FIRST ADMINISTRATION OF CLEVELAND, 1885-1889
New Conditions. The old party now restored to power
was in one sense a new party. The majority of voters had
grown to manhood since the war. Old conditions had
passed away and the new conditions called for a new type
of statesmanship. The unfriendly feeling of former years
between the two great sections of the country was greatly
PRESIDENTIAL SUCCESSION LAW
softened and nothing proved this more than the fact that
Mr. Cleveland called to his cabinet two men who had been
commanders in the Confederate armies.
The first bill to which this Democratic President set his
hand was one restoring General Grant to the retired list of
The Presidential Succession Law. The most important
law in the first four years of Cleveland's presidency (aside
from the necessary
bills that every Con-
gress must pass) was
the law to provide for
the presidential suc-
cession. For a long
time - it was felt that
such a law should be
enacted, and the death
in 1885 of Thomas A.
Hendricks, who had
been elected Vice
President on the ticket
with Cleveland, led
Congress to see the
necessity of such a
Before this time the office of President passed to the
president of the Senate and after him to the Speaker of
the House, in case of the death or disability of both Presi-
dent or Vice President But if the Senate and House
were not in session and had not chosen these officers, there
would be a legal lapse of the functions of the office.
All danger of such a condition was removed by the
Presidential Succession Law of January, 1886. By this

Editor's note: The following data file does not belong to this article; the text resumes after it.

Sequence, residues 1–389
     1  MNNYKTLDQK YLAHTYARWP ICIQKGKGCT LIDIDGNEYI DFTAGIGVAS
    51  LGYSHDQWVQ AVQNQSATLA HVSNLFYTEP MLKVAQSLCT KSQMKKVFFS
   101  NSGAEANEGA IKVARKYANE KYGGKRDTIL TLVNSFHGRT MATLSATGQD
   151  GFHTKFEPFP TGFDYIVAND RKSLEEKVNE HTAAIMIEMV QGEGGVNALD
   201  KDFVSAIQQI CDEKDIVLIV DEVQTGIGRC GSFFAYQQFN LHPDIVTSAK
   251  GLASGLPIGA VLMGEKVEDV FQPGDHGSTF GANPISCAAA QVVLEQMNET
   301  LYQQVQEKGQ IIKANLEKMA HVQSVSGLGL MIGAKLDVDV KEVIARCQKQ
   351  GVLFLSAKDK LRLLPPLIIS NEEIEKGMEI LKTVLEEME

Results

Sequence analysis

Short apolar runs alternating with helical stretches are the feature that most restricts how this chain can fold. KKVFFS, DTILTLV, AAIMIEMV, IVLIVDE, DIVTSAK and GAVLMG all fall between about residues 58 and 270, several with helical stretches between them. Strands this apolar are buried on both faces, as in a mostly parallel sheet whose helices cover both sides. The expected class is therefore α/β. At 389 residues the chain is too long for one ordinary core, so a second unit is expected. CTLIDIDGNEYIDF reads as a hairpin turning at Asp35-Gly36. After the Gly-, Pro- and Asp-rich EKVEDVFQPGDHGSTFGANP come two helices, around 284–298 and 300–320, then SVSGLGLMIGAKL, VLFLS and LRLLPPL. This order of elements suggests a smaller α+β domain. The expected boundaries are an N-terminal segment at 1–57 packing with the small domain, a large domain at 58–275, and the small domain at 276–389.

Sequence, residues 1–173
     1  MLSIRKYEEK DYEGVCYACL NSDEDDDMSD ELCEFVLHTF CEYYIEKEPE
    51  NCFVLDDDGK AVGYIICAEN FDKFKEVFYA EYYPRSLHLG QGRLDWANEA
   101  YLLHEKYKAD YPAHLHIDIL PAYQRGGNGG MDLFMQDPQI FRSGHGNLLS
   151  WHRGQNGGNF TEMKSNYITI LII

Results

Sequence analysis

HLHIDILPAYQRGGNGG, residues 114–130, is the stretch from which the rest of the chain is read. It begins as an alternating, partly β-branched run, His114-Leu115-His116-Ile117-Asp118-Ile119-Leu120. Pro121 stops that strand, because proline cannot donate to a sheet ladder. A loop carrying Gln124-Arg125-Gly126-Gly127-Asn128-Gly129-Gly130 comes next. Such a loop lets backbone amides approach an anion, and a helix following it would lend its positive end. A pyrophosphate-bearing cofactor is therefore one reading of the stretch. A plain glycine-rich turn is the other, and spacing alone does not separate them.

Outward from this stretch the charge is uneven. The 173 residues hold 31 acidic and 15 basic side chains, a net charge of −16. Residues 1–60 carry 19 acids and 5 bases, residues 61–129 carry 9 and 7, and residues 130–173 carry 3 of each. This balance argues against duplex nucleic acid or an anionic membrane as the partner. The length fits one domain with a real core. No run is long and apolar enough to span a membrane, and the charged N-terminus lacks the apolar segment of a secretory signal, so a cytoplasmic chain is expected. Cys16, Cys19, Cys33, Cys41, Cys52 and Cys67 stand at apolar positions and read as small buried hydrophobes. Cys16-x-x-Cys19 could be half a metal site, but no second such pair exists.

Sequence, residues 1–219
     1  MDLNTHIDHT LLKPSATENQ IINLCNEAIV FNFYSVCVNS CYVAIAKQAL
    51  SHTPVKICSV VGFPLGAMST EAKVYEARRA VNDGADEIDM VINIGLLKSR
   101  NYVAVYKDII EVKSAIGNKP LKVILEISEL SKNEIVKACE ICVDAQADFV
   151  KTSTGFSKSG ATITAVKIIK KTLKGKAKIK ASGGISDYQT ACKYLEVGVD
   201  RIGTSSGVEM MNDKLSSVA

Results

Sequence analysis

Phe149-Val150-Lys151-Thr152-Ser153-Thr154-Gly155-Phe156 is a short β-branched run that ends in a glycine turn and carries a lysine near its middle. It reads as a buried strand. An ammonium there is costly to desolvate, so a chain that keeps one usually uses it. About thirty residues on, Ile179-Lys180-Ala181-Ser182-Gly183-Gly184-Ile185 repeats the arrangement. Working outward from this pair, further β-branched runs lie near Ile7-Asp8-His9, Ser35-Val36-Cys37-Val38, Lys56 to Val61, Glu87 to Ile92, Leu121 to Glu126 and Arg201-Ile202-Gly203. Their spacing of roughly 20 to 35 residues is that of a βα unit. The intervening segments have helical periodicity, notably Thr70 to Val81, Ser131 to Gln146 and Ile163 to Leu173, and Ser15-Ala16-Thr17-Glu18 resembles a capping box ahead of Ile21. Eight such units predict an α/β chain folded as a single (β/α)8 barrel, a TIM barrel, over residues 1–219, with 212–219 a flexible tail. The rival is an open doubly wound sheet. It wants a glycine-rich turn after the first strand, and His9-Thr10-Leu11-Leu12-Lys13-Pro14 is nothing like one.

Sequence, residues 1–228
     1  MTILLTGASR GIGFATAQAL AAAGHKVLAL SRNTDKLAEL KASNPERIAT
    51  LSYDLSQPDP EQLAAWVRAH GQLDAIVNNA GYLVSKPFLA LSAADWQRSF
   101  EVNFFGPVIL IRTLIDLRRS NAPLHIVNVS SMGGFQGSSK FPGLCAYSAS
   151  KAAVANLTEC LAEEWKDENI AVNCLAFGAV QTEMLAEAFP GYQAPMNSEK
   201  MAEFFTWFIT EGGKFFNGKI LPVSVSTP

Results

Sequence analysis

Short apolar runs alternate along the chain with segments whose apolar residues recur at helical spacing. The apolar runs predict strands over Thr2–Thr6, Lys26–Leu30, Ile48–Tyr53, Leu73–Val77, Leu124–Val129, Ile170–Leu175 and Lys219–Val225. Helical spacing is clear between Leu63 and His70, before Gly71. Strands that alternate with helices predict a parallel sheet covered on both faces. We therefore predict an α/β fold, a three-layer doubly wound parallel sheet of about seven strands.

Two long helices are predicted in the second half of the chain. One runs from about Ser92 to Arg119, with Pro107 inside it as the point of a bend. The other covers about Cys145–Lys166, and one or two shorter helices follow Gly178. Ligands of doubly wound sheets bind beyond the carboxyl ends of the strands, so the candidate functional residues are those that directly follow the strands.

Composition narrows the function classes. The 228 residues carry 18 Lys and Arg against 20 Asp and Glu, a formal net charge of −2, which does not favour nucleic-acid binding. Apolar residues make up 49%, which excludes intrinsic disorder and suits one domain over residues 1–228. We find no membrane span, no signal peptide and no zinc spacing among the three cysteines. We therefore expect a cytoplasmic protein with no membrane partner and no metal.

420 SCHOOL HISTORY OF THE UNITED STATES
law the succession runs through the Cabinet, beginning
with the secretary of state; the second being the 'secretary
of the treasury, the third the secretary of war, and so on.
The Interstate Commerce Act was passed in 1887. The
object was to prevent the great railroad companies from
discriminating against the small shippers by giving lower
rates to the large shippers. This was usually done by
means of rebates. The law has not been effective in
abolishing rebates though it has been useful in many ways
through the work of the Interstate Commerce Commission.
Among the subjects to attract public attention were a
serious fisheries dispute with Canada, which President
Cleveland succeeded in settling with fair satisfaction to
both sides, and an anarchistic outbreak in Chicago. A
meeting of anarchists was held in Hay market Square in
that city and a band of policemen was sent to disperse
them. A bomb was then thrown amid the officers, and six of
them were killed and many injured. The whole country
was shocked at the outrage. The leaders of the mob were
arrested. Four were hanged and several sent to the
The Famous Tariff Message. President Cleveland be-
lieved that the agitation in the labor world, which had
continued for several years, was caused in part by the
high tariff. The laboring classes, he declared, were not
sharing the benefits of the high tariff with the great manu-
facturers. The President, therefore, devoted his entire
annual message in 1887 to an argument in favor of re-
ducing the tariff and it cost him a reelection to the
The presidential election of 1888 was a close one. The
Republicans nominated Benjamin Harrison, a grandson of
William Henry Harrison whom the Whigs had elected
THE McKINLEY TARIFF
President in 1840. Cleveland received a majority of the